Recently, several readers have reached out to me asking for clarification on items they had read elsewhere online; specifically, articles that correlated Islam with Paganism. According to these articles – which I’m deliberately not linking to here, because they’re fucking AWFUL, but you’re more than welcome to Google them if you’re really interested – Islam has its roots in Pagan beliefs, and therefore the two are the same, right?
Actually, no, not really, and I’m going to explain why. However, before I do, I should clarify that the information I’m about to present shouldn’t be interpreted one way or another as an approval or disapproval of another religion. It’s not my job to tell people what to believe, nor is it my job to tell them what not to believe – my job is to break things down and answer the questions of readers, in an academic and objective way. So that’s what I’m about to do. If you’re looking for an article that says ISLAM BAD or ISLAM GOOD, you’re not going to find either of those things here, just like you won’t find any articles about GOOD or BAD with regards to Christianity or other religions.
The Question of Terminology
Okay, so moving on to the question at hand: is Islam connected to or somehow related to modern Paganism? It’s not, and one of the reasons it’s not is because the people who are making such claims are not using “Pagan” in the same way that we, the Pagan community, generally do.
What I’ve found, after slogging through numerous websites that make these claims (yes, folks, I’ve taken one for the team so you don’t have to) is that these are sites that, more often than not, are run by what I’ll politely call the more fringe element of the Christian evangelical population. In other words, gentle reader, they are people who have a vested interest in perpetuating negative information about both Muslims and modern Pagans, with little regard for things like accuracy.
First of all, there’s the issue of semantics. Many of these sources are conflating the word Pagan with non-Christian. If you go by that logic, any religion that is not Christian must clearly be a Pagan one. That includes not just Islam, but Buddhism, Native American spirituality, Shinto, and numerous flavors of non-evangelical Abrahamic faiths – Catholics and Mormons, for instance. That’s in addition to the modern Neopagan movement, in which the word Paganism is more of an umbrella term that covers a wide variety of nature based and often polytheistic belief systems.
Secondly, Islam is a younger religion than Christianity, and can trace its roots back to the seventh century. Prior to this, polytheistic, non-Christian beliefs and practices were found all over the Arabian Peninsula. In the Qur’an, the existence of five pre-Islamic deities is referenced. A 1946 annotated translation by Abdullah Yusuf Ali says, “The five names mentioned … represent some of the oldest Pagan cults, before the Flood as well as after the Flood, though the names themselves are in the form in which they were worshipped by local Arab tribes. The names of the tribes have been preserved to us by the Commentators, but they are of no more than archeological interest to us now… It is not clear whether these names are to be connected with true Arabic verbal roots or are merely Arabicized forms of names derived from foreign cults, such as those of Babylonia or Assyria, the region of Noah’s Flood.”
So, certainly, before Islam came along around the year 610 C.E., there was definitely some polytheistic activity going on in the Arabic world, just like in a lot of other places. However, the five deities of the local tribes of fifteen hundred years ago are not who modern Muslims are honoring in their beliefs and practices.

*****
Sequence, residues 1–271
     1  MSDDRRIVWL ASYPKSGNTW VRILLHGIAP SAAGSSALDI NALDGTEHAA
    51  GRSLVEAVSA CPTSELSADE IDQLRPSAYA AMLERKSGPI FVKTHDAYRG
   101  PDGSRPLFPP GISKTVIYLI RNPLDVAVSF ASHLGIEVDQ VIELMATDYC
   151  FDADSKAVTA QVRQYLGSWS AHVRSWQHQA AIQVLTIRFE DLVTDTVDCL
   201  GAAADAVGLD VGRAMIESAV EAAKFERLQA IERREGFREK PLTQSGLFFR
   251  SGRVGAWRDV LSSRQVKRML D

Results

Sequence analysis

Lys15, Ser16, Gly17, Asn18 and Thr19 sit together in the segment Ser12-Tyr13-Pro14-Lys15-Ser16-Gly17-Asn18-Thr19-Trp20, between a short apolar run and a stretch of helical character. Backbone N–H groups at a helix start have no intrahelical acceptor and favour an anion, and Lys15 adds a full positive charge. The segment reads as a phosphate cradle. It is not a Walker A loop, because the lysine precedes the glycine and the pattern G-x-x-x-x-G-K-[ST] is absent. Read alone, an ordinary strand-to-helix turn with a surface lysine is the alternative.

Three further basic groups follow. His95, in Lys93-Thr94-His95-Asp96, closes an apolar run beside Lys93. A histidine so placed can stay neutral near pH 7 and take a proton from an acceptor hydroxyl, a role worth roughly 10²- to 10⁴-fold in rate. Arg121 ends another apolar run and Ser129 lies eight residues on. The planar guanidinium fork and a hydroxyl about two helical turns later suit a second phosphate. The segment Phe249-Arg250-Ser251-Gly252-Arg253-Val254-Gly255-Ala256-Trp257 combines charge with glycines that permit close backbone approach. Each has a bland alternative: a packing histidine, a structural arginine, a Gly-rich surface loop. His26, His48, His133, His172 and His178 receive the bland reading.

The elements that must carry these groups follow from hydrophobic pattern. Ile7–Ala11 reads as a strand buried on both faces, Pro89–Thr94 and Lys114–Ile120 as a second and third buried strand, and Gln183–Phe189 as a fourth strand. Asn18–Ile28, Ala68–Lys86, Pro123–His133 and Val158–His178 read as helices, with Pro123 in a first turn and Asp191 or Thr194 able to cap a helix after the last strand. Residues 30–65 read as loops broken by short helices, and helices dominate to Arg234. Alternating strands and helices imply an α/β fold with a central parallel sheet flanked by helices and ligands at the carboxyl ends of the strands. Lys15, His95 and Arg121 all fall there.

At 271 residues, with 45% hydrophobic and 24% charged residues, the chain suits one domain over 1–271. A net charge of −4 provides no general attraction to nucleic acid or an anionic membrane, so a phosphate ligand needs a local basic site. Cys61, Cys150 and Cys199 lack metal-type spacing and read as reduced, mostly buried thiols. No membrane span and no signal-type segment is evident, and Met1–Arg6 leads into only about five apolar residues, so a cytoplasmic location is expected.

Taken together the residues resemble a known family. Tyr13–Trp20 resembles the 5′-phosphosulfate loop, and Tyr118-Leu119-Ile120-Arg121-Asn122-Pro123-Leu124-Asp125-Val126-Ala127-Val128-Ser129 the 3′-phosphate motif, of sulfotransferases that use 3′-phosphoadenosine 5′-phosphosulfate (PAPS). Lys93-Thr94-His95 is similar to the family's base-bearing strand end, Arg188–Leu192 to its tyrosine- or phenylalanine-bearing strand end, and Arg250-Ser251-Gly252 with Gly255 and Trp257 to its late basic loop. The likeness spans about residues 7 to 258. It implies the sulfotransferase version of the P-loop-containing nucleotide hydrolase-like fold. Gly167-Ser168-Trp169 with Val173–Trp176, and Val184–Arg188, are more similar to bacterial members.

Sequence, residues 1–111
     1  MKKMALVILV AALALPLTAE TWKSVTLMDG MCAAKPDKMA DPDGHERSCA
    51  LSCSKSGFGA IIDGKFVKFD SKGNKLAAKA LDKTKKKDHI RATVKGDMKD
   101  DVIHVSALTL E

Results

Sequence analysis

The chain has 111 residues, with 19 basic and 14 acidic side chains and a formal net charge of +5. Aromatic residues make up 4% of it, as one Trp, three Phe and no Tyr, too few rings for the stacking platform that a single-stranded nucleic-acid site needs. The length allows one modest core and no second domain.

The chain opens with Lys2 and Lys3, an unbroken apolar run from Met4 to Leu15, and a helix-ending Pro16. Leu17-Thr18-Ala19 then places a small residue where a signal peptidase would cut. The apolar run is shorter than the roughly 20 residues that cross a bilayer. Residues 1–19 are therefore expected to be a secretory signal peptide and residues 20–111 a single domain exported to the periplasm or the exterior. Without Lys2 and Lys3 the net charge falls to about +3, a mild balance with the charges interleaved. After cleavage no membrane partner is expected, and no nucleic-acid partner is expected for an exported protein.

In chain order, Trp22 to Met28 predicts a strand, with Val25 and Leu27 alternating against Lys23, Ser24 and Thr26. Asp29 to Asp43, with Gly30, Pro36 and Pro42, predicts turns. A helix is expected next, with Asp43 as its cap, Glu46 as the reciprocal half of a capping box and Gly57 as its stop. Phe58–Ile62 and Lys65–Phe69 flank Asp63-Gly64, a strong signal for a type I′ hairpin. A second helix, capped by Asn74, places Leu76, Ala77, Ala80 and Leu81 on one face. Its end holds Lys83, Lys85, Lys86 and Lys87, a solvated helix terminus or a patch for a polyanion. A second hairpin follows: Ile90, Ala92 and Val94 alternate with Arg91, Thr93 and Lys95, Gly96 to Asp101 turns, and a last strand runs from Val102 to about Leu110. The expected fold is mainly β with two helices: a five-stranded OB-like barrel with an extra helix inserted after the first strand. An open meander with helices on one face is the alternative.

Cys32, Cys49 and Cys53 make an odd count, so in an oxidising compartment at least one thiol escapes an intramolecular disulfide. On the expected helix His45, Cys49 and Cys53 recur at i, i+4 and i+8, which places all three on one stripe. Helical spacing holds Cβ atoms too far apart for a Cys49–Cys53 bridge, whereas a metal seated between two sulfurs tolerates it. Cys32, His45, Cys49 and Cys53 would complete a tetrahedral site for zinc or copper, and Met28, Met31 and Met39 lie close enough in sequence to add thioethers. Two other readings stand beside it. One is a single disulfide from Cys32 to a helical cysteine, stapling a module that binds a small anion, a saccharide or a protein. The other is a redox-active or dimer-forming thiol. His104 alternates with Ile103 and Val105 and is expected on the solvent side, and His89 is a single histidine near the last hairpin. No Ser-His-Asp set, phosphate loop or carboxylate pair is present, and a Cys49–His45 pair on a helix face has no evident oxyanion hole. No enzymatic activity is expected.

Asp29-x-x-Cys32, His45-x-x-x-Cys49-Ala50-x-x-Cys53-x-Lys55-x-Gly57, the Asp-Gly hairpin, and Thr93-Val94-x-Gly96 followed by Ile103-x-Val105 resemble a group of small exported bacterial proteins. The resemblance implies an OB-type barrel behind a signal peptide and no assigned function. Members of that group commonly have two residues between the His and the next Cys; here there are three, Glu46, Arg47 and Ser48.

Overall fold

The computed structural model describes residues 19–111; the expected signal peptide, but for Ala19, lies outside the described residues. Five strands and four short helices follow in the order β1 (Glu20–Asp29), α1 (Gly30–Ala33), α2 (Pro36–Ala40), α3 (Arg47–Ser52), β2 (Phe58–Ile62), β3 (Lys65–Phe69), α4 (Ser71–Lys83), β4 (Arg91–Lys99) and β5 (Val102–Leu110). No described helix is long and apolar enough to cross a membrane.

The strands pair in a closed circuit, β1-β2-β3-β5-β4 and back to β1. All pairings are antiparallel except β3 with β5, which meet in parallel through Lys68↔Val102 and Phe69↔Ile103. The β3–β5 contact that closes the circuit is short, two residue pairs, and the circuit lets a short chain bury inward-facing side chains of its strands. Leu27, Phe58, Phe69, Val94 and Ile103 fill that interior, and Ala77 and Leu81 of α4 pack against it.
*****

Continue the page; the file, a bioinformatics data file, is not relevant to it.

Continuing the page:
The Crescent Moon
A few of the websites that are promoting these articles declare that Islam is really a modern version of a Pagan fertility cult that honors a moon god, hence the use of the crescent moon as a symbol. While they do use the crescent moon symbol, that doesn’t mean that today’s Muslim is following a Pagan belief system, in the same context as the early settlers of the Arabian Peninsula. About.com Islam Expert, Huda, explains the crescent moon and star:
“Information on the origins of the symbol are difficult to ascertain, but most sources agree that these ancient celestial symbols were in use by the peoples of Central Asia and Siberia in their worship of sun, moon, and sky gods… It wasn't until the Ottoman Empire that the crescent moon and star became affiliated with the Muslim world. When the Turks conquered Constantinople (Istanbul) in 1453, they adopted the city's existing flag and symbol. Legend holds that the founder of the Ottoman Empire, Osman, had a dream in which the crescent moon stretched from one end of the earth to the other. Taking this as a good omen, he chose to keep the crescent and make it the symbol of his dynasty.”
The Bottom Line
So, what does all of this mean? Is Islam a Pagan religion? It’s not, no more than Judaism is Pagan or Christianity is Pagan. Certainly, there were Pagan cults all over the classical, pre-Christian/pre-Judaism/pre-Islamic world, but that doesn’t mean that people today are practicing the same thing. After all, even those of us who consider ourselves Pagan today are not practicing in exactly the same way as our ancestors might have done two or three thousand years ago.
Islam, like Christianity and Judaism, is a monotheistic religion, and from an academic perspective, today’s version of it just doesn’t fit into any of the same parameters or definitions as modern Paganism. I’d suggest that if someone tries to convince you that Islam is a Pagan religion – I mean, really tries hard to persuade you – you might ask yourself why it’s so important to them that you accept this theory as fact. What vested interest do they have in convincing you?